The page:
That beauty stayed as she grew up. All through childhood, it gave her an inner confidence and sense of daring. There was nothing that she wouldn't try, and everything she undertook she succeeded at: music, art, school, friendships. You name it, she did it well.

And then, of course, there were boys. They hovered around her like the proverbial bees to honey. She loved their attention and wasn't shy about flirting and leading them on. The problem was that she was doing all of this in the 60's when sex and free love were all the rage. Paula bought into it hook, line, and sinker.

I found it ironic. Where my mother worried that I would never get a date, not to speak of finding a steady man, I was terrified that Paula could have every man she wanted but might pay the price with an unwanted pregnancy. We fought daily when she was still in high school and living at home, but the moment she graduated, she left for college off in California, and I lost all control. She stopped coming home on holidays, then summers, and finally just quit coming home at all. It nearly killed George and me, but there was nothing we could do about it. A few times she did visit for a day or so on the way to somewhere else. We would end up having a major blowup—it was like she was just waiting for me to say something—and then she would jump all over me. So, I guess we just called an unspoken truce and agreed to see each other as little as possible.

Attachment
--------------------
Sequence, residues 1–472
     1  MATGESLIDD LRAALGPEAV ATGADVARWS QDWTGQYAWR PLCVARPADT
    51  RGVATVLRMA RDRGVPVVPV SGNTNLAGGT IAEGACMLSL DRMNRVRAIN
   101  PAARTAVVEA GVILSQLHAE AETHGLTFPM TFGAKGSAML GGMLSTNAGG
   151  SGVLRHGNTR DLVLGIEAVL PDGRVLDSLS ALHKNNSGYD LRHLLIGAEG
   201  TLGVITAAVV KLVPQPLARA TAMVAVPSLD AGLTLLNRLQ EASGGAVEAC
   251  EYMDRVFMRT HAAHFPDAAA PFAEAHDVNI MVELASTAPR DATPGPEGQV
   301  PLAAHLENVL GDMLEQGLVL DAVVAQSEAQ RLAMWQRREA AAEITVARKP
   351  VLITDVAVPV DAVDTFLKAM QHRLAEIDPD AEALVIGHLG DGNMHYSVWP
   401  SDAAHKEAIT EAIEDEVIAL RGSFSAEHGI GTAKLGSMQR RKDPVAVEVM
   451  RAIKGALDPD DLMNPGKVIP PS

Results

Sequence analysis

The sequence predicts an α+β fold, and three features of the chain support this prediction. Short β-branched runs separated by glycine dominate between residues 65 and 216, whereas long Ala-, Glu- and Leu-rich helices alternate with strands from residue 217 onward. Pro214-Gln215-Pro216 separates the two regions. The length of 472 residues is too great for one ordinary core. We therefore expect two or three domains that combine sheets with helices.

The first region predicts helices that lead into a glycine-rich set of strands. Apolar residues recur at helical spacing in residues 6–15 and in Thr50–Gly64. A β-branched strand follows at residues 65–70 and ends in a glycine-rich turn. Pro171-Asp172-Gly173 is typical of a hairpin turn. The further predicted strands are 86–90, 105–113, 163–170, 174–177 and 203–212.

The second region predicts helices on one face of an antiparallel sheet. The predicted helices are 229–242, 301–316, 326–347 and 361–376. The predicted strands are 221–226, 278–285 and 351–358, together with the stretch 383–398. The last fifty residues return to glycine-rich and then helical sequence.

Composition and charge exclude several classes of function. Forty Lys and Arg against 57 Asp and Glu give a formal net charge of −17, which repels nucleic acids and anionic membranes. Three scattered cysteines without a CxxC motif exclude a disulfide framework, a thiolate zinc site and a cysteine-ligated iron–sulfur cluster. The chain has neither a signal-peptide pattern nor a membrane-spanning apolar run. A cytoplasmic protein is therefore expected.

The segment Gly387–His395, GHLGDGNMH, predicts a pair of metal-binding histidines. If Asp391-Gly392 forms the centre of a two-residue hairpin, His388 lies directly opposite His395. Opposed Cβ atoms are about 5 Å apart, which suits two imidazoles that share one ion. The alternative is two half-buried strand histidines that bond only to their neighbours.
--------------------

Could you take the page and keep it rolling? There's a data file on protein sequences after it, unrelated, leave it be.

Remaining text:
But it was hell. I didn't learn that she had married until two years after the fact. I never would have found out that she had given birth to a girl, you, except by someone else telling me.

It's hard for me to admit, but sometimes I would miss her so badly that I would call her up when I knew she wasn't home just to hear her voice on the answering machine. Of course, I never left a message; but hearing her gave me a small measure of comfort. I loved her so much, and when I lost her, it was like having a piece of myself cut away.

Well, there's not much more to tell. George died in '84. We'd been married over fifty years. Paula and her husband came to the funeral but didn't stay the night.

George was a good man and it was a good marriage, even if we didn't have the passion you read about in those romance novels. I know he loved me in his own way and I cared deeply for him. I guess that has to suffice. But I never stopped wondering about that first love back when I was in high school. What would my life have been like if I had married him? I guess we'll never know.